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Washington, DC —The Council of Graduate Schools (CGS) released new data showing that although international graduate application rates increased at U.S. universities for Fall 2020, first-time enrollment declined substantially. Final application counts from prospective international graduate students increased by 3% between Fall 2019 and Fall 2020, but first-time enrollment decreased by 39%. While the first-time enrollment at the master’s level declined (-43%) at a higher rate than at the doctoral level (-26%), the rate of decline was consistent across institutional types.
The decline in first-time enrollment resulted in part from a large increase in international graduate student deferments. To ensure a clearer picture of this trend, CGS fielded two additional surveys: the 2020 NAGAP/CGS Survey of Graduate Enrollment Management Professionals and the 2020 CGS International Graduate Admissions Supplemental Survey. More than 80% of survey respondents reported an increase in the number of newly admitted international graduate students who deferred, and a majority of those institutions indicated a greater than 5% increase in deferments overall when compared to prior years. The deferrals were relatively consistent across degree levels, with 12% of the offers of admissions deferred at the master’s and certificate level and 10% at the doctoral level.
“The first-time international graduate student enrollment decreases are alarming, because they undermine the international diversity and vitality of U.S. graduate programs. Between the effects of the COVID-19 pandemic, particularly on health concerns and international travel, and the lack of consistent and timely direction from the Trump administration regarding international graduate student visa policy, we were prepared to see declines,” said CGS President Suzanne Ortega. “Although the declines are concerning, we know our members have prioritized staying connected to both the students who deferred and their existing international graduate student community. When thinking ahead, one of the biggest lingering questions is how the deferrals will affect offers of admission and first-time enrollment for Fall 2021 and beyond, particularly if there are still travel limitations.”
Highlights by Field of Study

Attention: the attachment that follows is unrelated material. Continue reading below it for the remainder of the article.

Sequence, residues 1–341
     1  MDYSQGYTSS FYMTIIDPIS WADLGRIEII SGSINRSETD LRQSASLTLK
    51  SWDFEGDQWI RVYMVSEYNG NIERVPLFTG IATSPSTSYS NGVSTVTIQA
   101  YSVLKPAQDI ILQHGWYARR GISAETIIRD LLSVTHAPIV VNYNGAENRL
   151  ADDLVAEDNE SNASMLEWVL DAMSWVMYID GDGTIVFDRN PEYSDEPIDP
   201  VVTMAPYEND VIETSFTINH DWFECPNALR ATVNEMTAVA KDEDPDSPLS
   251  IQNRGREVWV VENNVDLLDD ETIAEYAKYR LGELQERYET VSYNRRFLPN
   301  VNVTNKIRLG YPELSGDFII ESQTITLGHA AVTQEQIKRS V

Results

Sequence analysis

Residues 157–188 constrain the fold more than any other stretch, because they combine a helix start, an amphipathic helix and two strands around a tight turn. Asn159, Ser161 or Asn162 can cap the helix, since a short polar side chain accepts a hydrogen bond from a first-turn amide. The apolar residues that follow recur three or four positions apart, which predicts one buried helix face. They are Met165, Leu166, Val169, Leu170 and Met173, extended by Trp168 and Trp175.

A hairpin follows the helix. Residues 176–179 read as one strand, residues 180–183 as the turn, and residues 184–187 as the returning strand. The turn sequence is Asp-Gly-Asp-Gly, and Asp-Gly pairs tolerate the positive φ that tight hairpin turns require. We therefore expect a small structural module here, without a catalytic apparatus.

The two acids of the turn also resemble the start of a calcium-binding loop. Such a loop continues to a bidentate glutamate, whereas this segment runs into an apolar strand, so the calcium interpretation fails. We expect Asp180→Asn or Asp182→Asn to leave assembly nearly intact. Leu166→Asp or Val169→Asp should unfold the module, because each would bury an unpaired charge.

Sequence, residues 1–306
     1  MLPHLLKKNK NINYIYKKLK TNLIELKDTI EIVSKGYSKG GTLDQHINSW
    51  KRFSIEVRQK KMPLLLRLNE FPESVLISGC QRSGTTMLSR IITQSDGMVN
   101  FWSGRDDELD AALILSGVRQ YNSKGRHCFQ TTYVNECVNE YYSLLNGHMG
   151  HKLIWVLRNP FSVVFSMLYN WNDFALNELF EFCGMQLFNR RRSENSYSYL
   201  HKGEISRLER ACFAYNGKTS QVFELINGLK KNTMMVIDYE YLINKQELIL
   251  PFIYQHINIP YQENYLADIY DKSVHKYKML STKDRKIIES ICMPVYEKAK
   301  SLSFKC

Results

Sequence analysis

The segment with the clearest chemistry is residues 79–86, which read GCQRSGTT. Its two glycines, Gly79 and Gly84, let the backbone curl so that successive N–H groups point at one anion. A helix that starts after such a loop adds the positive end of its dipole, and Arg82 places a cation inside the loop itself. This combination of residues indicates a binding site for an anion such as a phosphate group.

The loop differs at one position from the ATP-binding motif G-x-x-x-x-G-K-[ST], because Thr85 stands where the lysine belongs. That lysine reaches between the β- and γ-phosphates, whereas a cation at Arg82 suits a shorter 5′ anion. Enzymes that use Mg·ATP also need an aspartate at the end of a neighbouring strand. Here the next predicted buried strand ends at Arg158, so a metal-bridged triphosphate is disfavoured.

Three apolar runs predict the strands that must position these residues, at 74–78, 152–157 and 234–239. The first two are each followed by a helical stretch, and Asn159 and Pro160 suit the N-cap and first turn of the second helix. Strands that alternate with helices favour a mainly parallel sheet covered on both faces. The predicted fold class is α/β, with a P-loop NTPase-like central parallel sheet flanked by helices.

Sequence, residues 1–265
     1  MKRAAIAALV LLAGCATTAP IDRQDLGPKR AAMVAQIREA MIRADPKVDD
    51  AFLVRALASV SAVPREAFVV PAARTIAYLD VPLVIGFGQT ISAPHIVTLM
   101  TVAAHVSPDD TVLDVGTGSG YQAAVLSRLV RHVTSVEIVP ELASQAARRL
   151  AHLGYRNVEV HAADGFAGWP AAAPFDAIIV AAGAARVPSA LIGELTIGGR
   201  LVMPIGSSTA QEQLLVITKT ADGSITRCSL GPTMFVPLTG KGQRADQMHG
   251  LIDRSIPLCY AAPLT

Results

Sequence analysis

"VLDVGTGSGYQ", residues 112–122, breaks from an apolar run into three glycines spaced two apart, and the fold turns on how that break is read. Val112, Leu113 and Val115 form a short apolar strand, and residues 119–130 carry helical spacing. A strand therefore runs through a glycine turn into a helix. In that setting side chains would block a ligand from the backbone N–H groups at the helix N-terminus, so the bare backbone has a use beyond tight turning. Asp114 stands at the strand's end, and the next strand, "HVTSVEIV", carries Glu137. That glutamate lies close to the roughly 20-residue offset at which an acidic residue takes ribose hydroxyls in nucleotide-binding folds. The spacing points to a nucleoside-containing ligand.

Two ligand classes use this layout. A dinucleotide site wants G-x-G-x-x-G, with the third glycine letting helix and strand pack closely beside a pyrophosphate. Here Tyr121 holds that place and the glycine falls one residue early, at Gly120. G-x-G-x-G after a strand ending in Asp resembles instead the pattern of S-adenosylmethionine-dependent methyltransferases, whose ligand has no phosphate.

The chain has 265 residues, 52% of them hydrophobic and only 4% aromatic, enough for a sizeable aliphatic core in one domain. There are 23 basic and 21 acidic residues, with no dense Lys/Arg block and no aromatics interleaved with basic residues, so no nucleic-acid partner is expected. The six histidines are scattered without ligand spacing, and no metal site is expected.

Across broad fields of study, international graduate applications increased at higher rates in mathematics and computer sciences (12%) and biological and agricultural sciences (10%) between Fall 2019 and Fall 2020. Regarding two of the largest broad fields of study, applications in engineering were consistent with last year’s numbers and business (-1%) decreased slightly. There were a large number of deferrals across both master’s and doctoral programs. Sixteen percent (16%) of master’s degree admission offers in engineering and 15% in mathematics and computer sciences were deferred. At the doctoral level, public administration and services (15%), biological and agricultural sciences (12%), and engineering (12%) had the largest share of offers deferred.
Highlights by Country of Origin
There were substantial decreases in first-time graduate enrollment in Asian (-47%) and Middle Eastern & North African (-36%) regions. For example, in China and India, two countries that consistently represent the largest shares of international graduate applications, first-time enrollments, and total enrollments, there were significant decreases in first-time graduate enrollment, -37% and -66%, respectively. There were less significant declines in first-time international graduate student enrollment from Canada (-5%) and Mexico (-6%), most likely due to fewer travel restrictions.
About the survey and report
Conducted since 2004, the CGS International Graduate Admissions Survey tracks the applications and enrollments of international students seeking U.S. master’s and doctoral degrees. As the only report of its kind to offer data on the current academic year, International Graduate Applications and Enrollment: Fall 2020 reports applications, admissions, and enrollments of international master’s, certificate, and doctoral students at U.S. colleges and universities. In Fall 2016, the survey was redesigned to collect data by degree objective (master’s and graduate certificate vs. doctorate), and for all seven regions of origin, eight countries of origin, and all eleven broad fields of study, yielding the only degree-level data currently available for graduate admissions and enrollments. 360 U.S. graduate institutions who are members of CGS or its regional affiliates responded to the 2020 survey.
The Council of Graduate Schools (CGS) is an organization of approximately 500 institutions of higher education in the United States and Canada engaged in graduate education, research, and the preparation of candidates for advanced degrees. The organization’s mission is to improve and advance graduate education, which it accomplishes through advocacy in the federal policy arena, research, and the development and dissemination of best practices.